Play about Race, Basketball Wins Professor National Arts Grant

From the July 2018 Desktop News | Seth Panitch, professor of acting and head of The University of Alabama’s acting programs, was awarded a $10,000 National Endowment of the Arts grant to produce his upcoming play, Separate and Equal.

Photo of Seth Panitch
Seth Panitch

He co-wrote the grant with Dominic Yeager, UA assistant professor of theatre, and developed the play with Lawrence Jackson, a choreographer and UA assistant professor of dance.

The grant is typically given to those only in professional theatre, not academic theatre, but because Panitch’s Bridge Project is a hybrid of both, he qualified.

“We were thrilled to be able to get this support from the NEA,” Panitch said. “I had sat on a grant committee for the NEA – this same one – and the amount of submissions they get is titanic. I had 80 projects to evaluate, and there were a dozen different groups doing it at the same time.

“There were hundreds of applications for this grant, and very few were granted.”

Panitch’s The Bridge Project was initiated in 2006 to help UA theatre students bridge the gap between being a theatre student and a working theatre professional. It places them in professional productions alongside established actors in reputable theatres.

Separate and Equal is about a hypothetical basketball game between black and white teens in segregated Birmingham in 1951, which was illegal at the time. It explores what that meeting could have been like and reflects on current race relations.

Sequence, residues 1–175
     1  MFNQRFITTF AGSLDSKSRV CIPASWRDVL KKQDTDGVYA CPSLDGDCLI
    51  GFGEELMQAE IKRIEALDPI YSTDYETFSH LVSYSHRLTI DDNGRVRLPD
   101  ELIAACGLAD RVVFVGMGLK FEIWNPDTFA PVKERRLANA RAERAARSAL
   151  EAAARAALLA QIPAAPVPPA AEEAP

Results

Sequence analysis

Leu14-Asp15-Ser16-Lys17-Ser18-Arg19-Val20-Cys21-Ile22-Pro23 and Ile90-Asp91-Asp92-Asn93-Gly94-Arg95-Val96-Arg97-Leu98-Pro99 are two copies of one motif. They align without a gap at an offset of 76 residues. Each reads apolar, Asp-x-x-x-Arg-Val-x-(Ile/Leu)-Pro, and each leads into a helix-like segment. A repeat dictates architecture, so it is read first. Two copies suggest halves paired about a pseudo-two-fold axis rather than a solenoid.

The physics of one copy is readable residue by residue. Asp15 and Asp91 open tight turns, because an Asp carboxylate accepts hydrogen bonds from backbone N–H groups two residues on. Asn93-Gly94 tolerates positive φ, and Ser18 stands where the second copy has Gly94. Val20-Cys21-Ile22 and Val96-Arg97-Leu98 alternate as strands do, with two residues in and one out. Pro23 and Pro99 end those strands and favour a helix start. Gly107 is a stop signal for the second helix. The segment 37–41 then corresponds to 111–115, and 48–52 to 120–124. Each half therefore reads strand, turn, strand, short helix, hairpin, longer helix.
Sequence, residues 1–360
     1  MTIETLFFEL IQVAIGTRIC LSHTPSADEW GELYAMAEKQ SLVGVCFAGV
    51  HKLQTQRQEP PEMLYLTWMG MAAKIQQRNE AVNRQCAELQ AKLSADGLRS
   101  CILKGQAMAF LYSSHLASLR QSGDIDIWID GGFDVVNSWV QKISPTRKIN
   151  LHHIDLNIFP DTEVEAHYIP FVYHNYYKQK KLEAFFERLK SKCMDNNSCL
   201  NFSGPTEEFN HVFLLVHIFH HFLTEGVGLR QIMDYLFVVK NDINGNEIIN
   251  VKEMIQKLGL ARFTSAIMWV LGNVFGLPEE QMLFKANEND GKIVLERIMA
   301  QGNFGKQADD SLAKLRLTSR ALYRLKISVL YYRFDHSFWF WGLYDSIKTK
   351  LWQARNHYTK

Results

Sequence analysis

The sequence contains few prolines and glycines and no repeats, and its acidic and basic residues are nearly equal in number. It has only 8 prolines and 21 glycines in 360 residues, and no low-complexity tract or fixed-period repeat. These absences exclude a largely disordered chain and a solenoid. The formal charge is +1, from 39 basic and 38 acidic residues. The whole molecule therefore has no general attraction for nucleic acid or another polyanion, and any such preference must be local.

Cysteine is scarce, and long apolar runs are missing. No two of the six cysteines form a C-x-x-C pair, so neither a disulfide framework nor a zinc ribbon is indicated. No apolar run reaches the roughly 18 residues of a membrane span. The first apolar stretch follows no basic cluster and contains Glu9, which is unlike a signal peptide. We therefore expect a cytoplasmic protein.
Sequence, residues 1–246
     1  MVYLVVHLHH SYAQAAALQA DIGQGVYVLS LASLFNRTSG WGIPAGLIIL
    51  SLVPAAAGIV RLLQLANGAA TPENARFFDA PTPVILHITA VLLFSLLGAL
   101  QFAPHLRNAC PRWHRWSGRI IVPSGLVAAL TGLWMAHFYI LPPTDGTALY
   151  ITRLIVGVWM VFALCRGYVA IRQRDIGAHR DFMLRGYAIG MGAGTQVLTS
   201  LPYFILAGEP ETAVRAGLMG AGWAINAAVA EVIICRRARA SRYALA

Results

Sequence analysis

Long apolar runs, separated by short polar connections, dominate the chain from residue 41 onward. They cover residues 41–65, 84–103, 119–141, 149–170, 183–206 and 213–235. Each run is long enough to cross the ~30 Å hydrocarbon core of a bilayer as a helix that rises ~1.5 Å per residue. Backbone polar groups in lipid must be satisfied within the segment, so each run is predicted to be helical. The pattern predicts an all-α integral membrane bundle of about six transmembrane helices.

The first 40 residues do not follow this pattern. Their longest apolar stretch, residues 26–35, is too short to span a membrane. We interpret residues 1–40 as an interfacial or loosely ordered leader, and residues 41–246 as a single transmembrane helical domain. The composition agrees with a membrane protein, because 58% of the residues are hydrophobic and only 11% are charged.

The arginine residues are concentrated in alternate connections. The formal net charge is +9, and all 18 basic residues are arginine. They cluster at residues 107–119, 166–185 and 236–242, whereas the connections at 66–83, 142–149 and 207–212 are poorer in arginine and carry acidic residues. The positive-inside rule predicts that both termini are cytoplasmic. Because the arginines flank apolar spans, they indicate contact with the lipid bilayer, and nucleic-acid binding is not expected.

“The audience will sit around the stage like they’re at an actual basketball game,” Panitch said. “The actors play a basketball game within the play. The basketball is done through music and dance to be more visceral and expressive.

“I’m using the movement of basketball to express how African Americans and whites have interacted over the past 50 years. So, it’s a play about communication and lack of communication through the lens of segregation.”

Panitch said he received help from the NAACP, professors, and the Birmingham Civil Rights Institute in creating the play.

“I developed the script for this over the last year and a half. During my sabbatical, I researched the 1950s at the archives at the Birmingham Civil Rights Institute oral history archive. It was fantastic listening to these recordings and transcriptions from people on the front lines of the Civil Rights Movement.”

The play will have a soft premiere locally at the Marian Gallaway Theatre on campus Aug. 28-31 at 7:30 p.m. each night.

It will then run an entire month at the award-winning theatre on Park Avenue and 59th Street in New York City starting Sept. 6. See 59E59 Theaters’ website for prices and times closer to its run date.

The grant will be used to pay for the set, professional actors, housing actors, and travel.